Living environment

House with large fenced yard is best so the Deerhound can wander, sniff and explore. A farm or a ranch is even better.

The Scottish Deerhound CAN survive in an apartment, flat or condo as long as he gets out for his exercise each day, but he will need room to stretch out in the apartment and hopefully enough room to wander from room to room..

It is medically necessary for this breed to sleep on a soft bed. They must not sleep on a bare floor. See to it the dog can stretch out fully on something cushiony and soft.

Energy level

Moderately low. Rate this 3 bars out of 10 for energy.

Exercise needs, daily

Moderate. Two good walks OR a jogging or biking session along with some play time fetching a ball will satisfy his needs for exercise.

Watchdog

No. Not a barker, likes people too much, might not even warn of a fire.

Guard dog

No, not really. Just not in his character.

Shedding

Normal shedding, nominal.

Grooming

Comb the harsh coat twice a week and clip around the muzzle, face and ears a few times each year. Some stripping may be needed.




_________________________________________________

Suggested Reading - The Scottish Deerhound
Click on the cover photos for more book information and reviews.

________________________________________________








Dog Health Issues For The Scottish Deerhound
Below is the dog illness or illnesses or medical problems listed for the Scottish Deerhound by various vets.

This is basically a healthy breed. Don’t let the list below scare you! Your own dog will probably never have ANY of these problems. These are dog illness and medical problems this breed is prone to that have been listed by various veterinarians at different times over the past decade or so and some pertain to puppies and very young dogs that a breeder would deal with.

The information contained herein has been gathered from numerous articles by veterinarians and is intended as general information only. Every dog and situation is different. You must see your vet. Our information is for general interest only and not intended to replace the advice provided by your own veterinarian.Scottish Deerhound dog illness list:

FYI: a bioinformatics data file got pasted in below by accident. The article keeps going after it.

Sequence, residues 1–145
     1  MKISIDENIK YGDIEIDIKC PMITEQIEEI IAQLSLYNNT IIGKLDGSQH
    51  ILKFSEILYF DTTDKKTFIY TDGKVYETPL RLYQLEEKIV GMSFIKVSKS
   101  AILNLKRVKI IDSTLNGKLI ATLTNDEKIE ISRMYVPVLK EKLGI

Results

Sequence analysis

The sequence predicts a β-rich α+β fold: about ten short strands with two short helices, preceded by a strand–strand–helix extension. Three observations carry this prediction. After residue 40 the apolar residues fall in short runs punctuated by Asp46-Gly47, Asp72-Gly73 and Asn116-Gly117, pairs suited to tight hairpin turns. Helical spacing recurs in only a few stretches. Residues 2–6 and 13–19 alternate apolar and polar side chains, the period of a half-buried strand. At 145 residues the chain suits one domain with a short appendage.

• Gastric Torsion—Sometimes called Bloat or “Twisted stomach.” Mainly in larger, deep-cheated dogs. Here's a brief description of the problem.
    Symptoms include excessive drooling, nervous pacing, agitation, weakness, attempt to vomit, bulging stomach area, heavy breathing, retching and gagging, shock or total collapse.

  • Cardiomyopathy—Disease of the heart muscle causing the heart to enlarge and not function properly. Cause is unknown. Older, bigger dogs , 4 to 10 years are usually affected. The prognosis is generally about 6 months to 2 years for a dog with this form of heart failure and only a matter of weeks for some severe cases.

  • Osteosarcoma—A leg bone cancer in large breed dogs of any age but usually in large, older dogs. Osteosarcoma in the limbs is “appendicular osteosarcoma” if talking to a vet. The dog will be in great pain as the disease destroys the bone from the inside out. The dog’s inability to walk will progress over only about 3 months time as the bone is destroyed by the tumor. Unfortunately, surgery to remove the leg is the only way to give your dog the only total relief needed.

  • Cystinuria—Hereditary. A genetic defect. Kidneys are unable to process a basic amino acid called cystine the right way. It generally takes many years before it is noticeable in the dog. The retained cystine clumps together and forms stones or blockages in the urinary track which is a life-threatening condition that requires quick surgery.

  • Atopic dermatitis's—Atopy. Hereditary. Shows at 1 to 3 years age. Skin allergy triggered by dust mites, pollen, poor quality foods and other garbage we put into the dog’s environment. Many breeds are prone to this. The dog will lick, rub, chew and scratch the infected areas. Allergens can also come from fleas, bacteria and yeast infections. See your vet. There are many treatments ranging from medicines, antihistamines, diets, bathing, cleansing the house of dust mites and so on.

  • Allergies. Hair loss and dry skin - Treating - There can be a number of causes for a dog losing hair. Hair loss and dry skin are common. See a vet to find out the CAUSE of the hair loss, such as hypothyroidism, flea allergies, dust or mite allergies and so on. Hair loss is usually treated with a topical ointment if it's a fungal infection, ringworm, pyotraumatic dermatitis or other forms of dermatitis. Dry skin problems are often associated with hair loss so look at both together with your vet. The vet should look for food allergies or Atopy, Demodectic or sarcoptic mange and so on. Once the SOURCE is determined, you can treat the hair loss and/ or dry skin on the dog effectively, sometimes with medicated shampoos, creams. diet changes, oral medication, disinfecting the house or whatever is needed.

  • Hypothyroidism—An underactive thyroid gland produces too little thyroid hormone which reduces the dog's metabolism level. Hypothyroidism stems from the Scottish Deerhound’s immune system attacking the tissues of the thyroid gland. Bottom line is the dog becomes symptomatic. The cause can be a predisposition for thyroid problems, air pollution and allergies. A FEW symptoms of the disorder include lethargy, weight gain, skin infections, dry skin, hair loss, slow heart rate, ear infections, depression. See your set right away.

Other health problems could occur with your Scottish Deerhound. If you notice any problems with your dog, take it to the vet immediately. This website is for general information only and is not intended to, in any way, be a medical guide.

Top





Return From Scottish Deerhound To Dog Breeds
Mbr>1Return From Scottish Deerhound To Hound Breeds